This little poem by Edith Scovell (1907-1999; see also weeks 97 and 503) is perhaps most likely to appeal most to those of a certain age, like myself, who see their family, friends and ex-colleagues dying off at a rather alarming rate around them, but who are consequently all the more inclined to find a wistful consolation in the continual arrival of new faces on the stage. In the words of the Old Shepherd in ‘The Winter’s Tale’: ‘Heavy matters, heavy matters. But look thee here, boy. Now bless thyself: thou met’st with things dying, I with things new-born’.
To An Infant Grandchild
Dear Katherine, your future
Can never meet my past.
So short our common frontier,
Our hinterlands so vast.
Yet at the customs post
Light airs pass freely over
And all we need to know
We know of one another.
Though day will wake your country
As dark flows over mine
Your outback sleeps in shadow now,
Your smile is cloudless dawn.
Last week’s offering by Frances Horovitz led me to remember this other fine flower-and-death-themed poem by Edith Scovell (1907-1999). If you are going to stake a whole poem on one image it had better be a good one and it had better be original, but I think Edith’s beautifully observed tulip certainly does the job in this elegiac yet life-affirming piece. And take a moment to appreciate the precision of that ‘flamboyant’ in the penultimate line, and how fittingly the word’s modern sense of ‘showy’ is underpinned by an awareness of its etymology, coming as it does from the French flamboyer, to flame or blaze.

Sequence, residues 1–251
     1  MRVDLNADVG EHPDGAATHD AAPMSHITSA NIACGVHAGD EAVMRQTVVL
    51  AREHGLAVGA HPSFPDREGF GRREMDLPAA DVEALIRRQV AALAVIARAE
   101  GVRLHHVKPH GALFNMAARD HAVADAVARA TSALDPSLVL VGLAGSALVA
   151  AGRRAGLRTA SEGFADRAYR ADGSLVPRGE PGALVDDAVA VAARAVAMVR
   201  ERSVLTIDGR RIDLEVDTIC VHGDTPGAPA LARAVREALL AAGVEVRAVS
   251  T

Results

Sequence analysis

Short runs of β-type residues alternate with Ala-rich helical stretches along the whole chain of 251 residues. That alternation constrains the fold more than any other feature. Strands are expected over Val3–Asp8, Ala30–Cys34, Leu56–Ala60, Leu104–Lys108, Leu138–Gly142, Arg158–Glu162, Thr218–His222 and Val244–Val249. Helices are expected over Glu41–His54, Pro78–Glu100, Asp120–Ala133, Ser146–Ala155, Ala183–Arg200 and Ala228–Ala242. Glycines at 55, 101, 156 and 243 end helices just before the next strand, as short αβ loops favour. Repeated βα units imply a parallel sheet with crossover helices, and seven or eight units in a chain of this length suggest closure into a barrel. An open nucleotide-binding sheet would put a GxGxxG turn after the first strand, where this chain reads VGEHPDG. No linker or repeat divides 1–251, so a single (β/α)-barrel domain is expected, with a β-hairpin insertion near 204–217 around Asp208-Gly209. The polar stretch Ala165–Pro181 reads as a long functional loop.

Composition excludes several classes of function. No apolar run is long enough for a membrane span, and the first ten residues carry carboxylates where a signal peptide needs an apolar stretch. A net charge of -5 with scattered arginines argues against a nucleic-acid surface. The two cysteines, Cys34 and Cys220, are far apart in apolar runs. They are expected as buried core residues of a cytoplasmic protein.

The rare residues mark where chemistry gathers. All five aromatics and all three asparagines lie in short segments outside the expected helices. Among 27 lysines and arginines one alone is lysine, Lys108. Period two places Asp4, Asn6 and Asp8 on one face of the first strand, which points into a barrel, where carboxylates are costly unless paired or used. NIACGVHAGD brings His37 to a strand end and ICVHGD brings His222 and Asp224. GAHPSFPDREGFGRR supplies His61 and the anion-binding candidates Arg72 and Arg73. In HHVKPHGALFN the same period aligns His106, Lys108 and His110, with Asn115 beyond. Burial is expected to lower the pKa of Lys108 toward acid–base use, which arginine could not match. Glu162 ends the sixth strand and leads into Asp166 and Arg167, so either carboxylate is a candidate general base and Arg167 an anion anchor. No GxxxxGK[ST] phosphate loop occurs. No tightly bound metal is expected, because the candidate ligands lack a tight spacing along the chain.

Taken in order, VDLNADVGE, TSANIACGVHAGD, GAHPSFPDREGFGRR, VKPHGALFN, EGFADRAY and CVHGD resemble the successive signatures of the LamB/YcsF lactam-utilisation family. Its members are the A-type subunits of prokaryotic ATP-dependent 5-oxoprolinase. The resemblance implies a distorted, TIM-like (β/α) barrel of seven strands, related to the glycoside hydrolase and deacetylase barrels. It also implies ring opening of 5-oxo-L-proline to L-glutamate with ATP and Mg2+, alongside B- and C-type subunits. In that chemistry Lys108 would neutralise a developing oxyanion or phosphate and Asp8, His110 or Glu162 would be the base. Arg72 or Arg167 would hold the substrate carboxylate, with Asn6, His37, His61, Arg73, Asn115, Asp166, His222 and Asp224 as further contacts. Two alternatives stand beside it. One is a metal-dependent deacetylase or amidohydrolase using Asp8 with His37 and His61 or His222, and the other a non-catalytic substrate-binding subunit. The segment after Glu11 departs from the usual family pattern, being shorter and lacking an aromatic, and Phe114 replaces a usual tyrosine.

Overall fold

Deaths Of Flowers
I would if I could choose
Age and die outwards as a tulip does;
Not as this iris drawing in, in-coiling
Its complex strange taut inflorescence, willing
Itself a bud again – though all achieved is
No more than a clenched sadness,
The tears of gum not flowing.
I would choose the tulip’s reckless way of going;
Whose petals answer light, altering by fractions
From closed to wide, from one through many perfections,
Till wrecked, flamboyant, strayed beyond recall,
Like flakes of fire they piecemeal fall.
E. J. Scovell
For me, this love poem by the English poet Edith Joy Scovell (1907-1999) more than makes up in resonance for what it lacks in length.
Nothing will fill the salt caves our youth wore:
Happiness later, nor a house with corn
Ripe to its walls and open door.
We filtered through to sky and flowed into
A pit full of stars; so we are each alone.
Even in this being alone I meet with you.